Let it Snow!

winter snowballing

As adults, we tend to think of winter weather as a nuisance to be avoided. We go straight from the house into the car, and then after work we go straight from the car back to the house, without ever stopping to enjoy the beauty of winter. Snow is especially pretty, but we hardly ever see it in our rush to get inside where it’s warm.


Kids are right the opposite. When it starts snowing, they can’t wait to get out in it. Snowball fights, assembling snowmen, constructing igloos… you name it, when it’s snowing the kids will get out and do it. Their hands freeze and their noses run, but they don’t care. They’re having fun, and we could do with remembering to have fun sometimes, as well.

Being out in the cold for longer than thirty seconds may not seem like a great idea to you now, but I assure you that once you bundle up and get out in it with your kids or even just your friends, the old habits will kick in and you’ll start to remember how to get into it. Snow activities are wonderful fun, and they’re a great way to bond with your children over something they really like to do. You can join in building a sculpture, or gathering ammunition for a snowball fight. Or if you’re looking for a more gentle way to play, snow angels are cute and fun to make, and they don’t require any kind of advanced skill, which makes them possible for even very small children.

Playing in the snow is also a good way to keep fit in the winter months. Walking in snow is difficult, and takes a lot more effort than regular walking, which means it burns more of the calories you consumed by drinking all that eggnog. Also, many snow activities require a lot of physical effort — either repeatedly walking up a big hill (to slide down again), pushing snow around to make snowmen or forts, or throwing snowballs at the opposing team as fast as you possibly can.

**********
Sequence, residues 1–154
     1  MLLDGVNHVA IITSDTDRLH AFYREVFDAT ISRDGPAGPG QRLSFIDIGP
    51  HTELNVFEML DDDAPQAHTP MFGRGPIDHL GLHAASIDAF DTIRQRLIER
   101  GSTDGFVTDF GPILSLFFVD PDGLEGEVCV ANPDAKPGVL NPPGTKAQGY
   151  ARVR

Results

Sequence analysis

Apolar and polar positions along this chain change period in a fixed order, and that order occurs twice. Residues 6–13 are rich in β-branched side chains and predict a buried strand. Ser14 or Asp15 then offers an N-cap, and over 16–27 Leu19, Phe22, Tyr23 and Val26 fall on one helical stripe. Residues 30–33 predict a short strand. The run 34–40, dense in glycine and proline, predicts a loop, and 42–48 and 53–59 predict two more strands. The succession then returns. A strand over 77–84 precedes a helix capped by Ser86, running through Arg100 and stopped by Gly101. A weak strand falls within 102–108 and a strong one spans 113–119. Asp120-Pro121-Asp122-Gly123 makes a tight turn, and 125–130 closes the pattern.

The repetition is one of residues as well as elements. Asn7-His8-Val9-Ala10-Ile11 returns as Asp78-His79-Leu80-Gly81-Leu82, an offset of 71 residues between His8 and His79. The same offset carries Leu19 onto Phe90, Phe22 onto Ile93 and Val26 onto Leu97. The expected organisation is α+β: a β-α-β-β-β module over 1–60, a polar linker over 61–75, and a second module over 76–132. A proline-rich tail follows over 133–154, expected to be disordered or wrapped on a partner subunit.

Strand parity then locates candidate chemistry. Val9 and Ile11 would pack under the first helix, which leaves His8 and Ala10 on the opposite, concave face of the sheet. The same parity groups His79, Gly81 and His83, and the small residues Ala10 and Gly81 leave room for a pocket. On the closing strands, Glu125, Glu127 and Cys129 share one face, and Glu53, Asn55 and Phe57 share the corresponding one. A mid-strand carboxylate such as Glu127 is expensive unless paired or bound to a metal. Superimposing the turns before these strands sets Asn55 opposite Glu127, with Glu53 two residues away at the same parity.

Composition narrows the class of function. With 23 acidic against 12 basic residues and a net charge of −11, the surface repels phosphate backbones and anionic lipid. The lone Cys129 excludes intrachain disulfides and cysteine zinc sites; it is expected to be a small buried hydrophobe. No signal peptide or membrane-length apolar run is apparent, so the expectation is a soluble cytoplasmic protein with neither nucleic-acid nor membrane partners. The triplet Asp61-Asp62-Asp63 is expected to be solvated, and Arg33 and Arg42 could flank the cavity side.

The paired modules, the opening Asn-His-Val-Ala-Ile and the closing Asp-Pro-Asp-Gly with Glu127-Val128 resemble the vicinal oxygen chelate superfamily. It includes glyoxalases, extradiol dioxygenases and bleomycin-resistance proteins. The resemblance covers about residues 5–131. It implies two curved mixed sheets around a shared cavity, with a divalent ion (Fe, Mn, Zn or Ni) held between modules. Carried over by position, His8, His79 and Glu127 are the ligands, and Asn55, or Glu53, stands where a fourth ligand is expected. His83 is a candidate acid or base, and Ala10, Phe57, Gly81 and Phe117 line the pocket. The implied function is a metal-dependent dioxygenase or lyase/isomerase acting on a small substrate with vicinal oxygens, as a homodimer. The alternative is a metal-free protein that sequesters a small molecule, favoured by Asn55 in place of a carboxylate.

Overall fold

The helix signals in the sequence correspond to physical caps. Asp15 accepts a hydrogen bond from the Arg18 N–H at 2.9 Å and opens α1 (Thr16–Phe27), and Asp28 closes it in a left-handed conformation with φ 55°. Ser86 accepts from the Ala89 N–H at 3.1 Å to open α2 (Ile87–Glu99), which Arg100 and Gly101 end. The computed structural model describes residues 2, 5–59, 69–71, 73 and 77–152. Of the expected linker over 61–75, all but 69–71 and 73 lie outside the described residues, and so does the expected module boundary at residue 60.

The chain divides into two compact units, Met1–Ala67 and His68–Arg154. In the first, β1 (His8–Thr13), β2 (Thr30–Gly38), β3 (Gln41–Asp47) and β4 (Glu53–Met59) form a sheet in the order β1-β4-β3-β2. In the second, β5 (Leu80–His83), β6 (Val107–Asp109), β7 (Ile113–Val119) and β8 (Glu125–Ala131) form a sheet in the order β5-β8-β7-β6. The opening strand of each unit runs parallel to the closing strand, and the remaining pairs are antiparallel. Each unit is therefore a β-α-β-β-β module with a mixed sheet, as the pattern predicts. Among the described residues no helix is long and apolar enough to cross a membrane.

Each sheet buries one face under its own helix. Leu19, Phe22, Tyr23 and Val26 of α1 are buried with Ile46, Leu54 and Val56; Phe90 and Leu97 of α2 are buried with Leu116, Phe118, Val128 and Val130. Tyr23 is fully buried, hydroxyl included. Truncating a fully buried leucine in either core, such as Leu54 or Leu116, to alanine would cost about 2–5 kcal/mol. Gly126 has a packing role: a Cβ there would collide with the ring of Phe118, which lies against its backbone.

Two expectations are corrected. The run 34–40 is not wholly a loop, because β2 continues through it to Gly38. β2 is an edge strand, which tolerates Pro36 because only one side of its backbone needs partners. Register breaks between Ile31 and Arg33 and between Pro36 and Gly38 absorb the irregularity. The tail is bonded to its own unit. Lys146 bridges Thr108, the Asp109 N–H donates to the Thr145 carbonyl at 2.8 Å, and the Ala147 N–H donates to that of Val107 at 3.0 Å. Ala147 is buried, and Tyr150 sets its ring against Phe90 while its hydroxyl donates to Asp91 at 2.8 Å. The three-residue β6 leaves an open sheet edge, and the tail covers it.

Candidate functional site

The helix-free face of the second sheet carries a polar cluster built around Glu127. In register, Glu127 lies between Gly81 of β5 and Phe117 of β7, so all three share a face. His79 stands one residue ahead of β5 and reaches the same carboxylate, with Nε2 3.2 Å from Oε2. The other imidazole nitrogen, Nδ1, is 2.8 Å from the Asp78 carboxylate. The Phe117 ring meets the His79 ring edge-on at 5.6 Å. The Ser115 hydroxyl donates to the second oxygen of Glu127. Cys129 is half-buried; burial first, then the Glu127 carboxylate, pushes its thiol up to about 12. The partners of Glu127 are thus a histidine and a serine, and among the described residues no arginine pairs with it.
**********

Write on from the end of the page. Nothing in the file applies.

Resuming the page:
If you are serious about being more active in the snow, skiing and snowboarding are sports that can be enjoyed by the whole family, but they do require some financial commitment and acquisition of skill. Of course, if you’re just starting out, the smart thing is to rent equipment the first time, take a few lessons, and try different things out. Skiing may be just what you were looking for in terms of strenuous exercise, or you may find that you’re more the kind of person who enjoys sitting in the lodge and drinking hot chocolate while not breaking any limbs. At least if you try it once, you can say you gave it your best shot.

Make sure before you go out, even for a short period, that you have appropriate clothing. There’s nothing worse than being out in freezing weather and getting soaked through within the first few minutes. Weatherproof boots and thick socks are good for a start, as is a weatherproof coat. Mittens or gloves are a must, though if you wear knit gloves and handle a large amount of snow, prepare to have icy fingers pretty quickly. Personally I also like to wear the waterproof pants that are normally recommended for motorcyclists, but some people prefer to go out in just their jeans, which can be fine if you’re not planning on spending time sitting in the snow. Under your clothes, of course, you’ll need a good set of thermal underwear, preferably long johns or even a thermal bodysuit. The warmer and drier you can keep yourself, the longer you will feel okay staying out in the cold. This goes for the kids, as well; they don’t always have the good sense to come in when the cold is getting to them, so it’s best to make sure that they’re as sheltered as possible under a thick layer of weather protection.

Getting out in the snow is not as bad as you think it is, and you will have a lot of fun if you’re out there with kids, who don’t need to be reminded how to enjoy the winter weather. So put on your parka and your boots and get out there with the youngsters — you might just surprise yourself by having more fun than you ever expected.

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